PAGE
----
Through successive shoots, Trier makes Leth confront that which he most dislikes. He compares the process to when he is directing an actor, forcing a performance from the actor that the actor didn't know was within them. In the first four takes, we see Leth produce something that is artistically worthy with even the most daunting physical and psychological obstructions, but it is in the final obstruction that Trier produces a cathartic effect, turning the tables so thoroughly on Leth and himself that the result is greater than both of them. Instead of a documentary about a film about how a perfect human being works, it becomes a documentary about how a perfect film maker works.

The ending justifies the rather long and mentally tiring prelude. The overall result is a lasting testament on a particular way of reaching the creative process, and also a documentary testament to Trier's own particular genius. There is no artifice, no hype, only two people of great artistic integrity working together to pull something from their subconscious of lasting greatness.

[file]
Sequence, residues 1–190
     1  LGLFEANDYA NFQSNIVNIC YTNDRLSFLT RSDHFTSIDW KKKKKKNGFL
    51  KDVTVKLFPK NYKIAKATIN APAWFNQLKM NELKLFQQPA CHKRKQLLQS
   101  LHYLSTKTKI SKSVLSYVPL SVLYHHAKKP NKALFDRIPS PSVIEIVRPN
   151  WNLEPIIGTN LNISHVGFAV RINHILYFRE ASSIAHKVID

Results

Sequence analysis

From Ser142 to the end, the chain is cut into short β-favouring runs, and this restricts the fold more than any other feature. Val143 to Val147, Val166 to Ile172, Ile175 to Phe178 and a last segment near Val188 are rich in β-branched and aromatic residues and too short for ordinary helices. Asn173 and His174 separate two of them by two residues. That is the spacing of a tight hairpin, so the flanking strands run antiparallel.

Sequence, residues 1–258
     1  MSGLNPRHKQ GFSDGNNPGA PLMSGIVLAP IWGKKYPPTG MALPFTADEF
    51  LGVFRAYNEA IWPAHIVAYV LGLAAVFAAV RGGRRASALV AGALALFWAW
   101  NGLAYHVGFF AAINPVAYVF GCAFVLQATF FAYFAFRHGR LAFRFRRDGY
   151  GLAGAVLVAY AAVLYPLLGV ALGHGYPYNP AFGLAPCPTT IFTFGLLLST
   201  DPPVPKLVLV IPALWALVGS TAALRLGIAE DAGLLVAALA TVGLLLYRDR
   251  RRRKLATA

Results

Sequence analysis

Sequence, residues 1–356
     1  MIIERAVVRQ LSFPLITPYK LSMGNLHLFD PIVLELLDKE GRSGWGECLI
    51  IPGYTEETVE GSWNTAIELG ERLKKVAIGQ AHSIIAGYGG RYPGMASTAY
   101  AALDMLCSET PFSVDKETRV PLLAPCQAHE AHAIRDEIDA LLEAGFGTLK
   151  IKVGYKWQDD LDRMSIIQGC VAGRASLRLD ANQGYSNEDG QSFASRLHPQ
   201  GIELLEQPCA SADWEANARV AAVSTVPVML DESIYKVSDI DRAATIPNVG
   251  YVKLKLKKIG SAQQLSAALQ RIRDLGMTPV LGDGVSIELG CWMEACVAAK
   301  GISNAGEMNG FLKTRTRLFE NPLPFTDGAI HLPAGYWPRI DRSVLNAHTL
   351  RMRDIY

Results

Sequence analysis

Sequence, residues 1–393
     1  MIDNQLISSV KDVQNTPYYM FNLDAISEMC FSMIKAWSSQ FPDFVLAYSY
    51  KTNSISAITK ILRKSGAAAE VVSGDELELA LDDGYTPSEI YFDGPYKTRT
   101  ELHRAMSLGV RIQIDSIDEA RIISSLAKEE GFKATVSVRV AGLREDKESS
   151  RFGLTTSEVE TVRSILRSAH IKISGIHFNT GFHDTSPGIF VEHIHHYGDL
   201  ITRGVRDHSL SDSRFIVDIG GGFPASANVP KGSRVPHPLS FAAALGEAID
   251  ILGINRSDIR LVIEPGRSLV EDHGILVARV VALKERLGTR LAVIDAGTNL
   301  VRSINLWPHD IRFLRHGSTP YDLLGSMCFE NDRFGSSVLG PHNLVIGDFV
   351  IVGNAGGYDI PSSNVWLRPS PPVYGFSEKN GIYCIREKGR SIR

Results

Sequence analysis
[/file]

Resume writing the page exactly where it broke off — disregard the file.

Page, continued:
Reviewed by film-critic10 / 10

Eat your heart out "reality" television!

After watching this film all I could think about was how I would love to take this premise and use it on some of America's finest directors. Money, power, and wealth. These are just some of the elements that you gain by having a blockbuster film, but can you take your pride and joy and transform it into different avenues while still keeping the overall tone the same? It is a tough question, one that I wonder if our American directors could accomplish. I wonder if Peter Jackson, Spielberg, or Lucas could take their prized collections and still have the creative mind to make the same film with some 'obstructions'? My initial answer would be 'no', but I wouldn't mind seeing them try.